“For a time this lake would hold up its mirror to the sky amid the Brandenburg hills, it would lie smooth between the oaks, alders and pines that were growing once more, and much later, after human beings appeared, it was given a name by them: Märkisches Meer.”
Jenny Erpenbeck, Visitation, tr. Susan Bernofsky
The German title of Jenny Erpenbeck’s most recent novel is Heimsuchung, a word that contains the idea of home, of searching, of searching for home, of haunting, of punishment and affliction, all of which echo through the story of a house on the shore of a Brandenburg lake, built on a plot of land with a dark past. The English title Visitation also evokes visits, visitors and being visited, picking up on the ways in which the house is haunted by the passing of people and of time. Time and its passage are also the elusive substance of Jenny Erpenbeck’s collection Dinge, die verschwinden, a book of farewells that explores disappearances of various kinds: of youth, memories, objects, and always, inescapably, of the present. An extract, translated by Susan Bernofsky, is included in the current issue of Sport. Wellingtonians can listen to Jenny Erpenbeck in conversation with Karen Leeder (Professor of German at Oxford University and also an expert on literary spectres and hauntings) at her Writers & Readers Week session on Monday 12 March. Karen will also be chairing a session on the art of literary translation with Jenny Erpenbeck and translators and poets Michael Hulse and Marco Sonzogni on Tuesday 13 March.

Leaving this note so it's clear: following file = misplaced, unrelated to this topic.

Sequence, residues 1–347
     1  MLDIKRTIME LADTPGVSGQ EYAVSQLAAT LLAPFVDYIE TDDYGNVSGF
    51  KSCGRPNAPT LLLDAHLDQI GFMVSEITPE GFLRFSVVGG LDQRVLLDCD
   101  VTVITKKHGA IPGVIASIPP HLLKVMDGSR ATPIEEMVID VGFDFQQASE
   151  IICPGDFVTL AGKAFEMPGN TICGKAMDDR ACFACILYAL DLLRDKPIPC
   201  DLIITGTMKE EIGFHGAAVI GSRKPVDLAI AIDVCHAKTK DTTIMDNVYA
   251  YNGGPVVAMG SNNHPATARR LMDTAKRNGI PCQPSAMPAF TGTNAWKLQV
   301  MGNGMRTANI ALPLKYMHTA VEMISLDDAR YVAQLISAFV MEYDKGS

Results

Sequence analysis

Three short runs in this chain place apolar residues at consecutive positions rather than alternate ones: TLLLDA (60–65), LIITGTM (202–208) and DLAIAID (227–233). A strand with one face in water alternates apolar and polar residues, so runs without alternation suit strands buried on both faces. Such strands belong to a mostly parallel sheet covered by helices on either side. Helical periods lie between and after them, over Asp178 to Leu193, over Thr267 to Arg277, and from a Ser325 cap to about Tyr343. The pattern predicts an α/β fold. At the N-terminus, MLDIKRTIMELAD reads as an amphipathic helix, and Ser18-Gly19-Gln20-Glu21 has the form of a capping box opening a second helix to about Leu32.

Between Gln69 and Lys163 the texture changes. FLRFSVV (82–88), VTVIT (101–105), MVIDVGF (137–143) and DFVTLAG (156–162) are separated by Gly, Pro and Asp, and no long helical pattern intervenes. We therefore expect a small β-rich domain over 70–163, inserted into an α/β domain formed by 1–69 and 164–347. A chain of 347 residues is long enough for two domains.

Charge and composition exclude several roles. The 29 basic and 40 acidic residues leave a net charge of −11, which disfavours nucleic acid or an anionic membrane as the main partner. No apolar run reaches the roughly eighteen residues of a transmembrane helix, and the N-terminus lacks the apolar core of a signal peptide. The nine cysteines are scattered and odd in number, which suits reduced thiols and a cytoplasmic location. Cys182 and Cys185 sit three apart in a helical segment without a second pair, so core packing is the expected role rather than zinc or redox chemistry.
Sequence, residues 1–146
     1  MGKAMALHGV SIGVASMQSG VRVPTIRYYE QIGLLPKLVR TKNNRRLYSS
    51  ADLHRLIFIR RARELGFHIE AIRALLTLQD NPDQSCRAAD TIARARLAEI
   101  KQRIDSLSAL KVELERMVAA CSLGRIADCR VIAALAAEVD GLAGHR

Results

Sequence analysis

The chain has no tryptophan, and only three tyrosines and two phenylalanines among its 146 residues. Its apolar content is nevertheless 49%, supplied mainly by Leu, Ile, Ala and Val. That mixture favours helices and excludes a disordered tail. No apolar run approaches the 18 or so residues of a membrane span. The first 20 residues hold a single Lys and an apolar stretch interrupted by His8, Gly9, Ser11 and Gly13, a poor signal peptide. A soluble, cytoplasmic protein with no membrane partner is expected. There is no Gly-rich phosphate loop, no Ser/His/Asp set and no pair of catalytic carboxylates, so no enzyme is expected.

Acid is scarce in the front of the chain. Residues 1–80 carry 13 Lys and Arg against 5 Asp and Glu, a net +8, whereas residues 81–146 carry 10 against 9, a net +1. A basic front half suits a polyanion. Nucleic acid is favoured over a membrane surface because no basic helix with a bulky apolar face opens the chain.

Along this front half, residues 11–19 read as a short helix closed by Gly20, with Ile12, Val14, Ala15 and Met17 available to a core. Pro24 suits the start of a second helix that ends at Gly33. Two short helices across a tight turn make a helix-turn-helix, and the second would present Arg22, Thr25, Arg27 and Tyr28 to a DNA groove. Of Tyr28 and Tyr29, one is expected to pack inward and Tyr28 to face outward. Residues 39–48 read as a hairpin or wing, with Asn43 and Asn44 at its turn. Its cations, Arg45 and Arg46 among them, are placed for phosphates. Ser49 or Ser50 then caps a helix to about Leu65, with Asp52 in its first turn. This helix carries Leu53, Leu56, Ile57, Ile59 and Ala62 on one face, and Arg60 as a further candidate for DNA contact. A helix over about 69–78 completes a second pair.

PS. Susan Bernofsky was recently awarded the prestigious and princely (15,000 Euro) Hermann Hesse Prize for her translation of Siddharta. Congratulations Susan!